This is largely thanks to their unique cruise control. Using a process known as dynamic soaring, the albatrosses travel using much less energy than wing-beating flight, making long distances a doddle.

In terms of furious flapping, though, the bar-tailed godwit is the one to watch – or satellite tag.

"The entire annual journey of a baueri bar-tailed godwit is about 30,000km [18,500 miles]," explains US Geological Survey biologist Lee Tibbetts. "This journey is completed in three non-stop flights over the course of about 20 days of flying."

"The three flights are from non-breeding areas in New Zealand or eastern Australia to staging areas in Asia, from Asia to breeding areas in Alaska, and then from Alaska back to New Zealand," says Tibbetts. "The longest of these flight legs is the one from Alaska to New Zealand and the record for migration distance of it is 11,800km [7,300 miles]."

We are all wondering if long-haul migrants can survive without intact staging areas where they can fatten up

Tibbetts and her colleagues are studying the migration routes of bar-tailed godwits, amid concerns for the future of these long-distance fliers.

"The migration strategy of the bar-tailed godwit only works if their stopover areas can provide enough fuel for their long flights… That is why there is so much recent concern over the destruction and degradation of staging sites in Asia and changes to wetlands and mudflats worldwide from climate change." 

"We are all wondering if long-haul migrants can survive without intact staging areas where they can fatten up enough to fly on and to breed. Early indications are that the birds are not adapting fast enough, as measured in survival rates and declining population sizes," she warns.

Similar cycles of feeding and breeding fuel the world's longest migrations. Two in particular put all other air-mile records in the shade.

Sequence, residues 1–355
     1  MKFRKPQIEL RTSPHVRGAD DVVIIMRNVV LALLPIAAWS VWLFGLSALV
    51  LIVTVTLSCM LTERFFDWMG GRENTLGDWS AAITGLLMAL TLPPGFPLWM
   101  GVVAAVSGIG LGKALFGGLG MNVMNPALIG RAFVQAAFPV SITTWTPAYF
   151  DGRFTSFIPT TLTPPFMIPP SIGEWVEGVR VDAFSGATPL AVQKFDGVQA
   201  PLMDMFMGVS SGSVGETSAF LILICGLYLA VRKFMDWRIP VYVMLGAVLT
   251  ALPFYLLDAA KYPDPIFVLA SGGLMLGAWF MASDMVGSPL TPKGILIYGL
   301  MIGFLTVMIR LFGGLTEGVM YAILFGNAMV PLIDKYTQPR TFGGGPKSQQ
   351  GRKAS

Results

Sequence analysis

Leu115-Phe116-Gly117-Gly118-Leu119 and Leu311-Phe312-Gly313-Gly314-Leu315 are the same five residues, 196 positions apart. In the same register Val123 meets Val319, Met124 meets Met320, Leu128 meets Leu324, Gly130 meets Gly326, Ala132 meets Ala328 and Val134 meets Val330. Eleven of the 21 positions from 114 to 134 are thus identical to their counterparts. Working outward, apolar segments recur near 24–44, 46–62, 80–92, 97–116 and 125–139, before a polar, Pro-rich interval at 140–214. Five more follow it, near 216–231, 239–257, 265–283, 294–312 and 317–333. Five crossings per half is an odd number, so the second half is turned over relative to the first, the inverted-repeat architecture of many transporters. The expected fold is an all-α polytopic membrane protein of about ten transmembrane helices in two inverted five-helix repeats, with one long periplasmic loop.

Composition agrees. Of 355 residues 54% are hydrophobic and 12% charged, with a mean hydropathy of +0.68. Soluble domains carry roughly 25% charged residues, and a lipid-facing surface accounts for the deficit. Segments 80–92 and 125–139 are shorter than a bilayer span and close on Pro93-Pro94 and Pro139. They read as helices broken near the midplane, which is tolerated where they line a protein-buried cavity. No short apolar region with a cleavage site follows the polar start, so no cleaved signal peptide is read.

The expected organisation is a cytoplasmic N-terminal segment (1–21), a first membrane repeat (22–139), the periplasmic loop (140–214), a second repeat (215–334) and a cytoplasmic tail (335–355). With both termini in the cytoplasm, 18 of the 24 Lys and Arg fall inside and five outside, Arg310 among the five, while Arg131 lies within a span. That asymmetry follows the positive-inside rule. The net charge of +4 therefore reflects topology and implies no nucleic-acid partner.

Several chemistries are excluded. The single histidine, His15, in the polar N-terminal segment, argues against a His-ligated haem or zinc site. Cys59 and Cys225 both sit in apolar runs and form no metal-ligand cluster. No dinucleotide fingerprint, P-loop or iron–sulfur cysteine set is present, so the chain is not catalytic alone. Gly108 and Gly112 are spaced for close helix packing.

First is the figure-eight route of the sooty shearwater as it travels up to 40,000 miles (64,300km) a year between breeding grounds in New Zealand and feeding sites as far north as Alaska. Researchers have suggested that the birds are helped on their way by global wind patterns.

The birds had witnessed midsummer in both hemispheres

Then, in 2011, scientists fitted trackers to Arctic terns nesting in the Netherlands. When they collected the data loggers a year later, they made an astonishing discovery about where the terns had flown for a break from the winter weather.

The average total migration distance was more than 30,000 miles (48,700km) from Europe to Antarctica. The birds had witnessed midsummer in both hemispheres, and totalled an average of 55,900 miles (90,000km) travel outside of the breeding season to do it.

Richard Phillips of the British Antarctic Survey in Cambridge, UK is a member of the team that revealed this incredible journey. He explains that the seasonal availability of resources is likely to be driving the terns' epic migration.

"The short answer must be that the benefits outweigh the costs," he says. "Here, they regain body condition and replace worn plumage in preparation for the next breeding season."

But a puzzle remains. Not all Arctic terns migrate these huge distances, with some staying closer to their own pole.

The average total migration distance was more than 30,000 miles from Europe to Antarctica

"It's intriguing that the Dutch terns migrated so far to the east, whereas birds from Greenland and Iceland travel considerably shorter distances," says Phillips.

"There may be a founder effect, [for example:] Arctic terns in the Netherlands are descended from initial colonists that were longer-distance migrants."

"Or there may be selection for a more easterly migration strategy because the additional costs of flying further are offset by the advantages of avoiding competition from the large numbers of birds from other populations that winter in the Weddell Sea."

It is not only birds that nest in the Netherlands that have a love of long distances. In June 2016, researchers from Newcastle University in the UK revealed evidence of an arctic tern flying from the Farne Islands off the Northumberland coast to Antarctica, extending this record-breaking migration to 59,600 miles (96,000km).

That is a long way to go to beat the crowds at the beach.